Commentary – Fiscal Policy
UK government expenditure has generally hovered around 40% of GDP since the 1950s with government revenue generally being a little lower. The 1970s saw a rise in in the expenditure to GDP ratio and a less marked rise in the revenue to GDP ratio. Under the influence of the Thatcher government of the 1980s the government expenditure and revenue ratios generally declined. The government expenditure ratio then began to rise in the early 2000s. By the time the financial crisis hit, the government expenditure ratio was back to 40% but the revenue ratio remained historically low. As a consequence the Net Debt ratio, which had been falling since 1950 and had reached historically a very low level, began to rise gently from 2000.
The onset of the financial crisis saw a sharp drop in real government revenues and an initial rise in real expenditure leading to a sharp rise in the government’s budget deficit; furthermore, as part of its response, the UK government took on the debts of several financial institutions. This in turn led to a sharp rise in the Net Debt ratio, especially so if these latter debts are included. Excluding them, on the grounds that they are supposed to be temporary, the Net Debt ratio rose to levels which were common in the 1950s and 60s. Including them the ratio rose to levels seen in the 1940s.
The Coalition government formed in 2010 aimed to reduce the budget deficit and the Net Debt ratio. Their initial plan was to halt, and then reverse, the rise in the Net Debt ratio so that by 2013-14 the ratio (excluding the effects of the post-2007 financial intervention) would be 70% and beginning to fall. Consistent with this their aim was to reduce the cyclically-adjusted current budget deficit from 4.8% of GDP in 2010-11 to 0.7% of GDP by 2013-14 and then run a surplus. The primary weapon they planned to use to achieve these aims was a reduction in their expenditure as a percentage of GDP from around 47% to 42.2% by 2013-14 and to around 40% by 2015-16.
By these measures they hoped to restore confidence in the public finances and thereby encourage private sector spending, especially investment spending. In the event, the desired rise in private sector spending was slow to materialise and, faced with the possibility of a prolonged recession, the government significantly relaxed its original fiscal stance in 2012. For example the Cyclically-adjusted UK Current Budget Deficit as a % of GDP was allowed to rise to over 3% of GDP in 2012-13 against the 2010 planned value of just under 2%; and the value in 2014-15 was projected (in 2014) to be slightly under 3% (itself an increase on the 2013-14 value) against a 2010-planned value of a small surplus.
In the Conservative Government’s Budget of Summer 2015 it announced the aim of eliminating the cyclically-adjusted budget deficit by 2017-18 and then running surpluses of around 1 to 1.9% of GDP for the next two years. In its March 2016 Budget this was changed to a target of running a small surplus by 2019/20. The proposed change in the cyclically-adjusted budget deficit from 4.3% in 2015/5 to -0.5% of GDP represents a planned 5-year tightening of fiscal policy that is higher than the actual tightening achieved from 2009/10 to 2014/15, which was from 8.2% to 4.3% of GDP.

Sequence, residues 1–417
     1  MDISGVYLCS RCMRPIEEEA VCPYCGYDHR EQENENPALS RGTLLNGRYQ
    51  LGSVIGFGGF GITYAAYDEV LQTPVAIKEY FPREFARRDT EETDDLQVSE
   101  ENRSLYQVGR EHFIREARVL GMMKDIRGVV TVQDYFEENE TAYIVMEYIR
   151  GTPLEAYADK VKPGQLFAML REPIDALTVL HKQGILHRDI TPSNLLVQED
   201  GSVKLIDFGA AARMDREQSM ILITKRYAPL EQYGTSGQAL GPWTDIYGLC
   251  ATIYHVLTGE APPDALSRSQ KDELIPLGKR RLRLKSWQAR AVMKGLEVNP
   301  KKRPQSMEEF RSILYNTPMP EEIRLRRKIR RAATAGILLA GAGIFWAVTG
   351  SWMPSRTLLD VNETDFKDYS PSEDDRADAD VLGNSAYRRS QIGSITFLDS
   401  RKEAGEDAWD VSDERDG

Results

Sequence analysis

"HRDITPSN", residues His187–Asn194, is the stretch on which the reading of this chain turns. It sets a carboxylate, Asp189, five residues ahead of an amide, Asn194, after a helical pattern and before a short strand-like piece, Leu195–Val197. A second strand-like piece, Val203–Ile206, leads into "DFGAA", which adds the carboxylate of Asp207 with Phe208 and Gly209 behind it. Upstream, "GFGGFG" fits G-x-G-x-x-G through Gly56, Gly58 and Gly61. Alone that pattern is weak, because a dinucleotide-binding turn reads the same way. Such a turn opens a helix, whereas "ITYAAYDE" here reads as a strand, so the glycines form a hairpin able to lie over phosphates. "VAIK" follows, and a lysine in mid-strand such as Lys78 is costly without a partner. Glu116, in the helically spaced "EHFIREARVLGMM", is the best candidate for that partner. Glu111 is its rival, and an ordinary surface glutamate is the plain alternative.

The planned turnaround in the budget deficit is primarily due to a fall in government expenditure from 40.8% of GDP to 37%. And this in turn is due to a plan to keep real current government expenditure more or less constant and so allowing it to fall as a percentage of GDP from 36.8% to 33.4%.
Following the onset of the 2007/8 financial crisis the fiscal stance of most countries became more expansionary. Partly this was automatic as output and hence tax revenue fell, but partly it was because governments reacted to the crisis with some degree of deliberate fiscal expansion. The combined effect was a general rise in Net Debt as a % of GDP. As output began to recover after 2009 government budget deficits began to fall, i.e. the stance of fiscal policy began automatically to tighten.
The Greek crisis in 2010 – triggered by the fear that Greek government debt was so large that Greece would not honour its obligations to owners of its debt – led many governments to tighten fiscal policy still further. The stated aim was to restore confidence in their own government debt. This tightening can been seen in the lowering of the cyclically adjusted indicators of the government deficits. This move towards ‘austerity’ was particularly noticeable in those countries which were members of the Euro and required financial help to avoid default on their debt, notably Portugal, Spain and Greece itself.
By 2014 Portugal and Greece had virtually eliminated their primary deficits and were projected to maintain that position. (Spain then still had a relatively small primary deficit). Despite this, because of its impact on GDP, ‘austerity’ has so far failed to lead to falls in Net Debt as a percentage of GDP.
Compared with these other countries the UK is projected by the IMF to have one of the tightest fiscal policies from 2016 to 2022 as measured by the projected fall in its cyclically-adjusted overall deficit as a % of GDP, but a comparatively modest fall in government expenditure as a % of GDP.